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Silence Exile and Crumpets
 
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Monday, March 31st, 2003

Time Event
12:36a
Smelling things
Sometimes, just before he goes to sleep, my friend Simon sees noises. A car will hoot, or someone will bang a dustbin and inside his closed eyes, or sometimes in front of his half-open ones, he will see a flash of light. It doesn't seem to be any particular colour - just light. Simon went most of his life thinking everyone had this happen, until he happened to mention it to a neurologist chum, who looked at him as if he were a specimen.

' You what', his friend said.

'But doesn't everyone see that?', Simon said.

'No-one sees that.'

'I do,' said Simon.

Synaesthesia is one of the coolest variants available to the human brain - seeing smells or hearing tastes. Most people who have it, seem well satisfied with it.

The rest of us have to content ourselves with the intense sensory links and memories that come with a wellstocked mind. Just now, as I was walking up from the bus along the side of a park, I could smell various blossoms and night-blooming spring plants really intensely - given that it has been warm today, and the park borders onto a significant road, I was vaguely amazed that scents get past the pollution. I was feeling middle-aged and wistful - partly because of supper with a young firebrand - and the blossom smell instantly had me going all Housman. 'Since to see the trees in bloom/fifty years is little room/around the woodlands I will go/to see the cherry hung with snow.' Except of course inside my head, it wasn't just the words, it was the setting of them by George Butterworth, only it wasn't the piano accompaniment I was hearing behind the singer, it was the orchestral music Butterworth based on the song - 'A Shropshire Rhapsody' - which is one of those defining bits of English music, all tremolous strings and horn calls.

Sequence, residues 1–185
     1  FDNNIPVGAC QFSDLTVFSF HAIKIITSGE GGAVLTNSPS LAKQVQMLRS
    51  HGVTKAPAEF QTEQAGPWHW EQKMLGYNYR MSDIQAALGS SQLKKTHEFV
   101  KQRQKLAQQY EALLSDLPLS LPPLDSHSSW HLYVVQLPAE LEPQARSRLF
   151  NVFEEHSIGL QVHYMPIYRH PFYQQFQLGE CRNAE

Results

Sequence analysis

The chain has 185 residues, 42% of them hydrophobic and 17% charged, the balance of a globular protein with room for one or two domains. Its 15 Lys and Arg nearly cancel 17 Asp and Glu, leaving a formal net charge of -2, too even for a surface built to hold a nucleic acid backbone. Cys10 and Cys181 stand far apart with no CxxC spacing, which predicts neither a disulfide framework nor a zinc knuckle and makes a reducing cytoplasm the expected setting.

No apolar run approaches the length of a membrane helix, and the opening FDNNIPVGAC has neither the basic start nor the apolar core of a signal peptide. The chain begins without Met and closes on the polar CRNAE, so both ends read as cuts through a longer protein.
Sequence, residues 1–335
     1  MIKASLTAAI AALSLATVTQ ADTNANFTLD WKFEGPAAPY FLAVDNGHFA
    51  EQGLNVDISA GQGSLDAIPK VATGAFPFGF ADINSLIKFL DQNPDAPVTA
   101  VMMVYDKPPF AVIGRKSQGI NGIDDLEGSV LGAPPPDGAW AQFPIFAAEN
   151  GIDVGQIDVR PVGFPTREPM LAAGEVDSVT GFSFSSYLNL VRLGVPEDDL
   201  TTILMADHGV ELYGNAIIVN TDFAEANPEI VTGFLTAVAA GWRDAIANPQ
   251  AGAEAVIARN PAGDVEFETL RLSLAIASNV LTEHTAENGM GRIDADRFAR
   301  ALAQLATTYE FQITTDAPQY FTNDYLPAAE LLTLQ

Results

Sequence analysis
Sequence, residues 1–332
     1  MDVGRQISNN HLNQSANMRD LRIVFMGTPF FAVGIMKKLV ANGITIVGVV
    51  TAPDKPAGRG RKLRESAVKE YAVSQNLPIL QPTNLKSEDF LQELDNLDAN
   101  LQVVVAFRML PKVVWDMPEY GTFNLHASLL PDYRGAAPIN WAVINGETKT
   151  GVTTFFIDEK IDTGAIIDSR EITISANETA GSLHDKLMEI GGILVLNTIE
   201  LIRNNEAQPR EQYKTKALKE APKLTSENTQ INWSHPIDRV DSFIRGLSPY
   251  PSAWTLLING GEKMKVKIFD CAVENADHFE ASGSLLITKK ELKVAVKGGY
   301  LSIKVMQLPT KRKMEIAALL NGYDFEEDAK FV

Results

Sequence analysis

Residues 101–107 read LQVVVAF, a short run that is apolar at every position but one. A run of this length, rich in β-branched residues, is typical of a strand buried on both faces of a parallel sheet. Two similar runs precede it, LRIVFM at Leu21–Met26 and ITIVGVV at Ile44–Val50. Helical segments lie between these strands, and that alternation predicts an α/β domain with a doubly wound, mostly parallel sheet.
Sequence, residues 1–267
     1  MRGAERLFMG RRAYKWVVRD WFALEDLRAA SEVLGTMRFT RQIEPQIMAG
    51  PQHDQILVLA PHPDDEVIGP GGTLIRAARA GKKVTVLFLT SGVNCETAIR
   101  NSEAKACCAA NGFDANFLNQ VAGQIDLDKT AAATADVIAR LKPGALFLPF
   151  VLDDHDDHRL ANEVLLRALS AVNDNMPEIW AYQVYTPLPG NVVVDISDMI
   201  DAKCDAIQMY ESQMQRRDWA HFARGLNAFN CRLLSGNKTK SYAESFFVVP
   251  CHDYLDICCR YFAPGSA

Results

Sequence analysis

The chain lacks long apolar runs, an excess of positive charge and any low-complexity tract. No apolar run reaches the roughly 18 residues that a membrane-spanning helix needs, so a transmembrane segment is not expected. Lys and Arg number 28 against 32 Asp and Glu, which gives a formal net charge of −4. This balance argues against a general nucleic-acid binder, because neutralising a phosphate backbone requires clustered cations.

Moreover, I was thinking about Butterworth also because I was thinking about the war - the reason most of you have never heard of him is that he was a brilliant young musician who died in the trenches, having just had enough of a career that his music is still played. He was one of Vaughan Williams' best friends - which also helped. The really horrid thing about WW1 and WW2 is not all the significant artists that we know about who died during the war or as a result - it is the people who never made a mark at all and who we will never hear of. And death is always tragic, but a lot of people die before war, and die, as the cliche - which is also a truth- goes, before their time.

What makes me especially mad when I see people like Richard Perle on television is that they give the orders for mass death and just regard it as an instrument of policy - there is no human dimension or human guilt attached. When, as is the case with Rumsfeld, they are incompetent as well as evil, my heart just sinks. Perle looks like a Buffy vampire - George Orwell talked about people in middle age having the face they deserve and Perle is an argument for that.

I could talk about the interesting dinner I had with an American academic and activist who is a friend of my radical friend Anna and how I humiliatingly forgot the name of Silvia Riveira, the Stonewall riot trans activist whose story I was using to talk about how the left is so good at trashing itself. And how we watched OMWF on DVD for the first time, which was a very cool thing.

I would rather think about smelling blossoms and hope that some come to me in my dreams.

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